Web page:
Did you know that by the year 2020 over 60,000 women will be experiencing the time in their life known as menopause?
Menopause is not a disease; it is a life process.
Watch Dr. Purcell talk about menopause.
Menopause is a time for a woman to shift from taking care of others to begin taking care of herself, a rebirth of the female spirit. Releasing our fertility can be a deeply empowering process where we focus on ourselves without the responsibilities that come with raising a family. Menopause can be a time for deep introspection, a tremendous opportunity for physical, mental, emotional, and spiritual change.
Menopause is defined as a time in a woman’s life when she has not menstruated for one full year. Peri-menopause is known as the time in a woman’s life prior to menopause where a woman is still menstruating but is beginning to experience some symptoms. Menopause for every woman is unique.
Hormone Replacement Therapy (HRT)
On September 10, 2003, Reuters health reported that the state of confusion among menopausal women is so great that the FDA decided to step in and create a web site designed to answer some basic questions that women have regarding hormone replacement therapy (HRT).
The confusion started in July of 2002 when the Women’s’ Health Initiative, a study of 16,000 women conducted to determine the effects of HRT was prematurely stopped by the investigators due to the increased risk of heart disease, strokes, heart attacks, and breast cancer for women taking Prempro. Prempro is a combination form of HRT containing Premarin, synthetic estrogen derived from pregnant horse urine, and Provera, synthetic medroxyprogesterone acetate.
The Women’s’ Health Initiative was initially conducted to see if HRT would be protective against heart disease, cognitive decline, cancer, osteoporosis, and aging. It was determined that in addition to increased risks of cancer, strokes and heart disease, conventional HRT does not prevent dementia or alter its progression. Conventional HRT was shown to be protective against osteoporosis and colon cancer but the benefits of these two did not outweigh the risks.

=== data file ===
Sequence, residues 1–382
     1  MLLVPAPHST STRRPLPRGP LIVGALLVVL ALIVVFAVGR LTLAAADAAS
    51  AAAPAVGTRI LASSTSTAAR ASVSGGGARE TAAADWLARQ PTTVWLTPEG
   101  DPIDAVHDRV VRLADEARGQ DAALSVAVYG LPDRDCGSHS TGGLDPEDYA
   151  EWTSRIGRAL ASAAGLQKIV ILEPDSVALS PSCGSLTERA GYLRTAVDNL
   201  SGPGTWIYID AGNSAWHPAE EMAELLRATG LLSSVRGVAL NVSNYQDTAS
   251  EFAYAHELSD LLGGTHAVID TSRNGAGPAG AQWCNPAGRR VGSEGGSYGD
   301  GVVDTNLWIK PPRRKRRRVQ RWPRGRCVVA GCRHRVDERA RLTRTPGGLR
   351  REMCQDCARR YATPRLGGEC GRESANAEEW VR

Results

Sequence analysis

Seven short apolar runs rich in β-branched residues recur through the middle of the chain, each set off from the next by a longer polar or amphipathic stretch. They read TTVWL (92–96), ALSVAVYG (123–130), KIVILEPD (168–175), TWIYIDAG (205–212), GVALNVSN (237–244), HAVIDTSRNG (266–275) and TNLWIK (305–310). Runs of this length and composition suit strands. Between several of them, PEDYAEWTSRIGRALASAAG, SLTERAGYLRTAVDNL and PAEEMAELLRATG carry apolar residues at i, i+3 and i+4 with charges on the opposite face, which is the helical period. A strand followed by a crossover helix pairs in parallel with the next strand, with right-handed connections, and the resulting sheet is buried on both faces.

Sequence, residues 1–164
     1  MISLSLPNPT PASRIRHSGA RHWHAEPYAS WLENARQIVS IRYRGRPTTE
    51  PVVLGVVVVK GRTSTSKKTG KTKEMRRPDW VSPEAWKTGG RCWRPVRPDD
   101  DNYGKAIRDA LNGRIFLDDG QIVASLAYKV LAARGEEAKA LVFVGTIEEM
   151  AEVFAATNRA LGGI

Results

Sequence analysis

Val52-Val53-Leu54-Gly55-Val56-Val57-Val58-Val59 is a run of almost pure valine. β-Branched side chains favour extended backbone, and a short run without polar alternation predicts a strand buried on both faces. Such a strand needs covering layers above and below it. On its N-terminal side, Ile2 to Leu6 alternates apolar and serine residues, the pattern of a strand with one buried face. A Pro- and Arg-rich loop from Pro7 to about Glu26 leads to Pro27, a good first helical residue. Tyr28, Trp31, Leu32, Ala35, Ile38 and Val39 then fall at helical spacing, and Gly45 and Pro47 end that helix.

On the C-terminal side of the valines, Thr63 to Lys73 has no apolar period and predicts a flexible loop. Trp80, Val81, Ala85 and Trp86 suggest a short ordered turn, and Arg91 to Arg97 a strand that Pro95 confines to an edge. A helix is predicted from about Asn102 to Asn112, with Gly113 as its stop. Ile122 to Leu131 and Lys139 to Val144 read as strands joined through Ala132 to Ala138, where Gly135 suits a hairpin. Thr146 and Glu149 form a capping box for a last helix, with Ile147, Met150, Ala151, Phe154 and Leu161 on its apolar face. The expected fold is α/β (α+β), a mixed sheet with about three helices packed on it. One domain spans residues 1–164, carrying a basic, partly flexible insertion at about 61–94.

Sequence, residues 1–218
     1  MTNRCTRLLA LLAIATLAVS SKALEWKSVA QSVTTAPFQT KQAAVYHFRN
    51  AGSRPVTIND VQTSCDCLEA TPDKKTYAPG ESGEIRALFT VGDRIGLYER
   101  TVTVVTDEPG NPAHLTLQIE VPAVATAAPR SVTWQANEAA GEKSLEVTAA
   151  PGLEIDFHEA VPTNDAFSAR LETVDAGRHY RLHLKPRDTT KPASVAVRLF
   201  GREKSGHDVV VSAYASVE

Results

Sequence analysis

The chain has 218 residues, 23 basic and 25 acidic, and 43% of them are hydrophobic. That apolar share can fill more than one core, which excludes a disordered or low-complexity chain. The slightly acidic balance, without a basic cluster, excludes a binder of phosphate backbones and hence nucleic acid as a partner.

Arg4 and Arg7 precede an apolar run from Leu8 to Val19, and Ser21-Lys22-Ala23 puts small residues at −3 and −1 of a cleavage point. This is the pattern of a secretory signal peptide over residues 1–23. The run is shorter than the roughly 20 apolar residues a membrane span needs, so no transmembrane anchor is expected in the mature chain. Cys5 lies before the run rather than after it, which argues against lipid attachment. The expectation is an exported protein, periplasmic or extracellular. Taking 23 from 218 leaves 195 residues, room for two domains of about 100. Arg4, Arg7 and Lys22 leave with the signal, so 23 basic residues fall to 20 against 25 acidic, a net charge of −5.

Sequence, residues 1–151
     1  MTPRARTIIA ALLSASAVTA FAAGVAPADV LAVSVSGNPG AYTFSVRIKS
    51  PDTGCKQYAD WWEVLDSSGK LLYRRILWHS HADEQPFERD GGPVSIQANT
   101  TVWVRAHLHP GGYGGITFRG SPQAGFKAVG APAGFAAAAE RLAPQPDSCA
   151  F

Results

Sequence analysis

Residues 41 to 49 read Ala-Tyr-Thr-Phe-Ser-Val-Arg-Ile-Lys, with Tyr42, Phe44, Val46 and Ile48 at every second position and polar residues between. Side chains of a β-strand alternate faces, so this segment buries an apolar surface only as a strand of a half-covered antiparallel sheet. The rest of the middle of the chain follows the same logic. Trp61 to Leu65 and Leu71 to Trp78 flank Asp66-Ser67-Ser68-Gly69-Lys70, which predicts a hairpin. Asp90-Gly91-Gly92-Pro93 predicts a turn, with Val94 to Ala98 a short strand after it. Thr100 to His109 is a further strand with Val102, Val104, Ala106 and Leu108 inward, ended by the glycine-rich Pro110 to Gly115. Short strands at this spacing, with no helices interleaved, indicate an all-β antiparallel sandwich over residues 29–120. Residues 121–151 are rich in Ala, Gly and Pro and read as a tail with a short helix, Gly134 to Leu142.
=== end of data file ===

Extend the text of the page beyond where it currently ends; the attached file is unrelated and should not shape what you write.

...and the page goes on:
Unfortunately, no study was conducted using natural bio-identical hormones that are reflective of the actual hormones we make in our bodies. The speculation is that natural hormones are better and may not have the risks associated with them that synthetic hormones do.
Do hormones help with menopause?
Yes, hormones can help alleviate the symptoms of menopause by boosting your body’s hormone levels. Hormones can also be used trans-dermally and trans-vaginally to assist with vaginal dryness.
Should any women avoid using hormones?
Yes, the list includes: women with liver disease, heart disease, blood clots, a history of cancer, vaginal bleeding, or who think they may be pregnant.
I am having menopausal symptoms what is the best therapy for me?
By far the best therapy for you is going to a doctor who understands the health risks to women during the menopausal years. These include:
congestive heart failure
chronic obstructive pulmonary disease
vaginal atrophy (a thinning of the vaginal walls)
Then a thorough history must be taken to determine the reasons behind your symptoms. Finally, a treatment plan will be developed that treats the causes of your symptoms with a way to help balance your hormones naturally through nutrition, nutritional supplements, and herbal remedies. I do suggest the use of topical estrogen cream for vaginal dryness and only use natural hormones in low dose as a quick fix until the underlying causes are taken care of. For women who are on hormones the reasons why really need to be addressed along with an evaluation to see if the benefits out weigh the risks for them.
Are there natural ways to help my menopausal symptoms?
Yes, what you eat every day can help alleviate the severity of your symptoms. Foods that nourish your liver are crucial to hormone balancing. Taking vitamins and other supplements can help supply your body with the nutrients and co-factors to better use the hormones your body is producing. In some cases herbal remedies are used to enhance hormone utilization. Dietary modifications that will make the transition easier include:
Eating plenty of fresh fruits and vegetables
Eating clean sources of protein (Hormone free meats, lamb, chicken, wild game, eggs, and beans).
Eating things that assist your liver in keeping your body detoxified: Beets and beet greens, radishes, dandelion greens, onions and garlic, root vegetables.
"I have been doing so wonderful. Putting to use all the knowledge you shared with me has been so effective in my life. In fact, I am 6 months pregnant and it was no trouble getting pregnant after my cycles became regular."